The ROI of a Super Bowl Ad
The Super Bowl is the time of year that everyone turns their attention to the T.V. It’s not just for sports fans, but it’s a spectacle for the advertising industry as well. It’s a time for advertisers to strut their stuff down the flashy red carpet. The Super Bowl is the ONLY time of the year where people tune in specifically for the commercials. For this year’s telecast, a 30-second spot is estimated to be a whopping $4 million! Let’s pause for a second and think about what you could do with $4 million…..wow…ok, let’s move on. The obvious elephant in the room is what is the return on investment from such a lucrative ad?
A recent study published on Ad Age showed that 4 out of 5 Super Bowl advertisements failed to increase purchase intent. Yikes! Let’s imagine a hypothetical meeting next year where company executives plan out their marketing dollars for the upcoming year.
CMO (fighting for his job) – “I think we should look at investing in a Super Bowl ad.”
President – “Interesting idea. How much would this cost?”
CMO (fighting for his job) – “$4 million for a 30-second spot.”
President – “Are there any studies that show the ROI of doing something like this?”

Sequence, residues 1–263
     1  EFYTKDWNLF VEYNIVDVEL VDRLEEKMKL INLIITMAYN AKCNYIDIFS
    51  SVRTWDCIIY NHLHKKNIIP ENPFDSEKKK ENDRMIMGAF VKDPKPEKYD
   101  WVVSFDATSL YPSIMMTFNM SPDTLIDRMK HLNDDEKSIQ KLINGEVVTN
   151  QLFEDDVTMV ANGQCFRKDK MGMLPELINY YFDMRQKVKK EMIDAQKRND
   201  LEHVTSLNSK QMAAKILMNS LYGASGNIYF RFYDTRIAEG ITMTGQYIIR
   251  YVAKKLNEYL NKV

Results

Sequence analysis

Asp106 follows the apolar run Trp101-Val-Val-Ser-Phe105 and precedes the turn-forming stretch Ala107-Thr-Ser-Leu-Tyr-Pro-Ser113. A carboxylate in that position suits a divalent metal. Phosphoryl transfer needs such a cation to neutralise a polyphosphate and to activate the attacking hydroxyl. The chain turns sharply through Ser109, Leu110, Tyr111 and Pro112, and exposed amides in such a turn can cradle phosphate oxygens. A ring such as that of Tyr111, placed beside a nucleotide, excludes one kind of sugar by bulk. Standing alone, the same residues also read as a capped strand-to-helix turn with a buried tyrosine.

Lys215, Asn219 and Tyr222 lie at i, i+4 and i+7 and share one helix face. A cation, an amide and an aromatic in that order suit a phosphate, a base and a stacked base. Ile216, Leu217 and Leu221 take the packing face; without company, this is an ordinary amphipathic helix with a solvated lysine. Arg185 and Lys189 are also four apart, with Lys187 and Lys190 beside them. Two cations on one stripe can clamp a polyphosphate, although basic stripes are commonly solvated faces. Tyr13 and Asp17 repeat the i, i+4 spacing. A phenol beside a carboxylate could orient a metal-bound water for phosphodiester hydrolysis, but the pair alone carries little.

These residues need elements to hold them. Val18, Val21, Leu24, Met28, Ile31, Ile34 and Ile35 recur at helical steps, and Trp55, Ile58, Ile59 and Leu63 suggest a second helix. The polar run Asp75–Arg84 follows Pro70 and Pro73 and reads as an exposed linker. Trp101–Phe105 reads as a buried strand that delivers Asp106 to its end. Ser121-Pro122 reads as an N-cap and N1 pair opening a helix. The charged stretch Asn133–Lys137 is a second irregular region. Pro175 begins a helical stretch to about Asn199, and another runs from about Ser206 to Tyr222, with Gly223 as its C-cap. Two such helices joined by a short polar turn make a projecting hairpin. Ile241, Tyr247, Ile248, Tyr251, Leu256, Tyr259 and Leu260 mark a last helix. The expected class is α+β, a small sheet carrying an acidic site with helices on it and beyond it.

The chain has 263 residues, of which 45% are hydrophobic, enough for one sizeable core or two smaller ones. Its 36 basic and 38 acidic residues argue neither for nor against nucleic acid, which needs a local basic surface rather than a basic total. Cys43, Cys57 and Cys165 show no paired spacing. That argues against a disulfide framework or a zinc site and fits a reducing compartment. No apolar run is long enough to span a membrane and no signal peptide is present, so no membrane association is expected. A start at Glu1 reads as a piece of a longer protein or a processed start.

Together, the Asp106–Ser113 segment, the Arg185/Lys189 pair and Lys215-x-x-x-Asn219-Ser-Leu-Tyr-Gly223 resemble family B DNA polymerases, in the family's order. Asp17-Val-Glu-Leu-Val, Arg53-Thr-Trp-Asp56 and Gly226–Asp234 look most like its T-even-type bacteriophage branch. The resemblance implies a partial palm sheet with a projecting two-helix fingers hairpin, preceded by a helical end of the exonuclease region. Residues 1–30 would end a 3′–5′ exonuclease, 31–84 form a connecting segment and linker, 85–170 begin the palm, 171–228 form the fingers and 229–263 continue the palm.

CMO (fighting for his job) – “Umm…4 out of every 5 ads are a bust.”
President – “So, you’re asking me to spend $4 million dollars on one ad that has a 20% chance of success?”
CMO (fighting for his job) – “At least we have a chance, right?”
President – “You’re FIRED!”
All kidding aside, what is the real reason people buy Super Bowl ads now? I think it’s become more of a status statement than a sales-driving initiative. It’s like buying that expensive watch that you’ve wore only 3 times in the 5 years you’ve owned it. You only bring it out on special occasions to show that you’re doing well.
Why do Super Bowl ads fail to increase purchase intent?
Due to the short amount of time a brand has to make an impression in a Super Bowl ad, it has to increase the “entertainment value” higher than traditional ads. Brands have a short amount of time to make a big impression (something you want people to share). Super Bowl ads actually do better than average in ad awareness, with 44% of people remembering they’ve seen an average Super Bowl ad vs. 32% for other ads that get similar gross-rating-point exposure. The pressure to make a big splash has made the ads more about the entertainment value rather than brand awareness. As a result, people not surprisingly remember the brands less often in Super Bowl ads. People who remember seeing a Super Bowl ad recall the brand 35% of the time vs. about half the time for other ads.
While this study does raise some sobering awareness to the ROI of Super Bowl ads, it is too early to measure the long term impact of marketing investments. If a study like this came out and showed the same ROI numbers for long-term impact; I think it would be hard for advertisers to ignore.
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